Krochmal points to a major trend over the past half-century: White people have developed “a defensive localism” about their communities and will fight to protect their privileged position.
“But they often do so in language that appears to be race-neutral, even though I would say, race is still at the heart of all of it,” he said.
In recent years, Collin County has seen several examples of the “race-neutral” language and discrimination Krochmal describes.
In 2014, when Crusius was 15, County Commissioner Mark Reid warned of an “illegal immigrant tsunami” if “illegal immigrant children” were housed in the area.
“We haven’t been asked to house any children yet, but I felt like it was good to get out in front of the issue,” he told KDFW-TV, the local Fox affiliate. “We’ve heard reports that a lot of these children have various communicable diseases that are fairly common in their countries of origin that are very uncommon here.”
Reid admitted to not having any medical information to backup his claim. Later, he invited the public to attend a commissioner's court meeting, and they did.
It was a standing-room-only meeting, to discuss whether to house immigrant children from Central and Latin America. Many members of the public spoke out, including a woman named Barbara Harliss. She described the possibility of housing children saying,“What we see is not immigration, but an invasion, a deliberate invasion.”
In 2015, when an Islamic group wanted to buy land for a cemetery, white residents lashed out with verbal attacks against the religion at a town hall meeting in Farmersville.
“I don’t hate you,” one man said while speaking to a member of the Islamic group. “I don’t like your religion, and I don’t even classify it as a religion.”
“Sometimes evil comes in sheep’s clothing, so that kind of bothers me,” a woman said.
At that time, local resident Diane Piwko told KERA that “she was against the cemetery, adding “it had nothing to do with religion.”
“We don’t like the fact that we seem to be portrayed in the media as radicals against Islam. We don’t want to be dumped on. We want to have a say on how our community grows,” she said.
Soon after, a local hate group stood outside Islamic Centers in the area, holding guns, and accusing worshipers of having ties to Middle Eastern groups.
In 2018, Collin County resident and state Attorney General Ken Paxton appeared on Fox News touting false crime statistics while discussing the idea of decriminalizing border crossings. He said Texas has "had over 600,000 crimes committed by illegals since 2011. Over 1,200 homicides."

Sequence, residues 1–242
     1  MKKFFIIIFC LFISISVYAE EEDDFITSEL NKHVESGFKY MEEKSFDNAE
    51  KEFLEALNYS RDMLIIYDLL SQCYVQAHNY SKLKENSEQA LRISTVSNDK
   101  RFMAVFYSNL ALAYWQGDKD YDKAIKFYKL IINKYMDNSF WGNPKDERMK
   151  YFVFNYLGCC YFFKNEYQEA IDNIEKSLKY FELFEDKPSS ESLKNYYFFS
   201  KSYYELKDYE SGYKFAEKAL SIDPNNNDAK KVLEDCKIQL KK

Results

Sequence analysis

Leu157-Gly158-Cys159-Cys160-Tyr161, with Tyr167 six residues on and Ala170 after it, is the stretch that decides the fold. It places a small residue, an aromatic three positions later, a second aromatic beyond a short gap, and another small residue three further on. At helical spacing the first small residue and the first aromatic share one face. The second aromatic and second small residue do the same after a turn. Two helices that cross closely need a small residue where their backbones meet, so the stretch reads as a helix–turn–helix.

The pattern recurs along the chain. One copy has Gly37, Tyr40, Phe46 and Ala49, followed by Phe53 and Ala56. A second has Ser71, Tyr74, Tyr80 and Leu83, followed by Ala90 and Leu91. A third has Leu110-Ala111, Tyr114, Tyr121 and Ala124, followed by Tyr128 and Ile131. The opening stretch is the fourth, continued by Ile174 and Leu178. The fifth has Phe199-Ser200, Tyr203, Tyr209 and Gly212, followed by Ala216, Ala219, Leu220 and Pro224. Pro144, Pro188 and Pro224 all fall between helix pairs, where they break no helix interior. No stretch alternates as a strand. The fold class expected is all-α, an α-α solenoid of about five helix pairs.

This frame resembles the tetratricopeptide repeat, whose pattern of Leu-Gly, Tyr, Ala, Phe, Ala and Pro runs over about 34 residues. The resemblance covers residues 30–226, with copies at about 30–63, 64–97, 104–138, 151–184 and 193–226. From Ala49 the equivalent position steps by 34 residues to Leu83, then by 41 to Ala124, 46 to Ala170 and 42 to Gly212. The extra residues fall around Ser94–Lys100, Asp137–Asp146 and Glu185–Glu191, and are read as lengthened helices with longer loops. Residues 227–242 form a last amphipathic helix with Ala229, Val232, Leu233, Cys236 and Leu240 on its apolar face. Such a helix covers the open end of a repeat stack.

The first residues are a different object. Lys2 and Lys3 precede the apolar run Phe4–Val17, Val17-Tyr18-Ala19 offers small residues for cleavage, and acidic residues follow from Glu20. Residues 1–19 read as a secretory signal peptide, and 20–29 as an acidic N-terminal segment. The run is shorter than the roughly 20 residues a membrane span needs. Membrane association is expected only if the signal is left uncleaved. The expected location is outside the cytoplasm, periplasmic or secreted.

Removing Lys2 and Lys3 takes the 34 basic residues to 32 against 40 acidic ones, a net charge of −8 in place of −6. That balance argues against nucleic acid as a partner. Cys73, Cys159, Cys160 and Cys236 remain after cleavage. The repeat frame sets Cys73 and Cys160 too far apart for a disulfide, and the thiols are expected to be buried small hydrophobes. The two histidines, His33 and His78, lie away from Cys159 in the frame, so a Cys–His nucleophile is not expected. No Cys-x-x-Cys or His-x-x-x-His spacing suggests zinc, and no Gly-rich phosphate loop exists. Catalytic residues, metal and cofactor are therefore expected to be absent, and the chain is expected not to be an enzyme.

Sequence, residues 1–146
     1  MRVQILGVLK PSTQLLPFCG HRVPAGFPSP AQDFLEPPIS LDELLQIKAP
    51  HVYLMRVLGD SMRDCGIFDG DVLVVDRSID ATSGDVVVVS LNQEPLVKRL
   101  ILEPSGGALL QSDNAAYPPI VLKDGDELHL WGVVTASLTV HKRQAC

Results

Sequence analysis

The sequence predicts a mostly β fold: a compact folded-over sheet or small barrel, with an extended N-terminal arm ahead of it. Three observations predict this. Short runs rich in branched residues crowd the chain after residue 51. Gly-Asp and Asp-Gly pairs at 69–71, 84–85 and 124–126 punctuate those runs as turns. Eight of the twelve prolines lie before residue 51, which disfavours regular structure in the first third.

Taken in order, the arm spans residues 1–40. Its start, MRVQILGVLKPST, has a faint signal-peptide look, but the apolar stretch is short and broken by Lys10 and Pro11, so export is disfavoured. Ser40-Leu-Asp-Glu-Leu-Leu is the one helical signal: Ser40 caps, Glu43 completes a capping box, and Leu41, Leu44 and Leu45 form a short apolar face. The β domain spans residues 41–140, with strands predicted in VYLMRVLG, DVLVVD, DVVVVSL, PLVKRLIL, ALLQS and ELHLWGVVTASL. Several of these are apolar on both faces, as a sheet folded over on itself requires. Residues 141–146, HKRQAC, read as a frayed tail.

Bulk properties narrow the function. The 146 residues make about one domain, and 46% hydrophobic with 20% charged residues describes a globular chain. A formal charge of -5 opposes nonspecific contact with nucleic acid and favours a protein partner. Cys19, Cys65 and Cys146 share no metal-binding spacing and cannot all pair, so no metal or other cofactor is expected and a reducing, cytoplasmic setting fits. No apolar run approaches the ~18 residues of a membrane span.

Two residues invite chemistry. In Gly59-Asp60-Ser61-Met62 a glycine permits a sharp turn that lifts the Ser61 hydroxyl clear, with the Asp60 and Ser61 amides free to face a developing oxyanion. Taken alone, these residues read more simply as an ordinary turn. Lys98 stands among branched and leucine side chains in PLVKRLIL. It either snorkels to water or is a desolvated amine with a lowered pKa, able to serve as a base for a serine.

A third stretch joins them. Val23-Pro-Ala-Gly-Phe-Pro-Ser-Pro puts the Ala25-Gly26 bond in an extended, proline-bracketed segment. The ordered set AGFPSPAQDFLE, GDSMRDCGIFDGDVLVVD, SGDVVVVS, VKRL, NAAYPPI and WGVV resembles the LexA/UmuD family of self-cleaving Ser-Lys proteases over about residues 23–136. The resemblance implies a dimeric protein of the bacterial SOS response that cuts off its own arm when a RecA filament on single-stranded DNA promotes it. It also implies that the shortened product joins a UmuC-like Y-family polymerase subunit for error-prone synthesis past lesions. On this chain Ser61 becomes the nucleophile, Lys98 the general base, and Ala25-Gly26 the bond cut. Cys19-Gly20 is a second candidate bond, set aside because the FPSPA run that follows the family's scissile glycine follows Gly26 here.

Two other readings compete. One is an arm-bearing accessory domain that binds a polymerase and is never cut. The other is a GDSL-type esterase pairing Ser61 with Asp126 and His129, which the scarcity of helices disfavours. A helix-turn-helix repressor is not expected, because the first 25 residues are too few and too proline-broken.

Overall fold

It was a figure that had been previously debunked twice by PolitiFact, which said it exceeded the state estimates by more than 400%. Yet, Paxton used the erroneous figures on multiple segments on various Fox News programs while discussing the idea of decriminalizing border crossings.
According to Politifact, undocumented people had 114,000 total convictions in the timespan, most for nonviolent offenses, and had just 229 homicide convictions.
Finally, just days before Crusius drove 10 hours to El Paso with a semiautomatic rifle and 1,000 rounds of ammunition, Gov. Greg Abbott sent out a two-page fundraising mailer that warned of a liberal plan to "to transform Texas — and our entire country — through illegal immigration."
It called on folks to take matters into their own hands and to “defend” Texas.
After the El Paso shooting, he apologized saying, “Mistakes were made, and course corrections have been made. And I emphasize the importance of making sure that rhetoric will not be used in any dangerous way.”
All The Characteristics That Could Lead To Trouble
Activist Chris Vasquez, like Patrick Crusius, was born and raised in Collin County. He’s a first-generation American, and said his family moved to the area before he was born, so that he could attend “good schools.”
Despite being a native, Vasquez said he and his family have regularly endured racist acts and words.
“You know my mother is someone who is 'invading,'” Vasquez said while describing the sorts of things he’s been told in his lifetime. “My family are invaders! They don’t see us as human. That’s why they use words like illegal aliens. They know what they’re saying when they say that.”
Sad as it is to admit, Vasquez said, because of that sort of language being tossed at him most of his life, he wasn’t too surprised to learn that the person who orchestrated one of the deadliest attacks against Latinos came from a place so close to home.
“Look, we came from the same community. We grew up in very similar situations. I mean, I have a different skin color, but this place can breed people just like him,” Vasquez said. “We grew up with hatred. We grew up hearing that people who looked like me were 'less than.'”
Vasquez recalls a grocery store manager confronting him and his mother for speaking Spanish with an employee when he was a young child. He said his mother was still struggling with English at the time and really liked talking to the man at the grocery store when they visited. But things were different after that day.
“That encounter in particular really affected the way I saw things,” he said. “It really still affects me today, because I had that encounter and was fearful of using the language my mother spoke.”
The Southern Poverty Law Center has identified at least 10 different hate groups in North Texas, including two white nationalist groups in Collin County. That doesn’t make Collin County all that unique.
“There is no place in America that hasn’t been touched by white supremacy, and that includes Collin County,” social psychology professor Salena Brody said. She teaches about the origins of prejudice at the University of Texas-Dallas.
“Collin County has all the characteristics that could lead to trouble,” she said. “But it’s no different in many ways from anywhere else in the country where we don’t know the history of racism and white supremacy where we live. We need to start there.”
Brody is also a Collin County native and resident. According to her research, racism and xenophobia aren’t necessarily learned in the home.
“You get that loud and clear from the context environment around you, but the power of the messaging particularly from respected authorities are shaping the way we talk about each other,” she said.
That powerful messaging, she said, can have a powerful impact.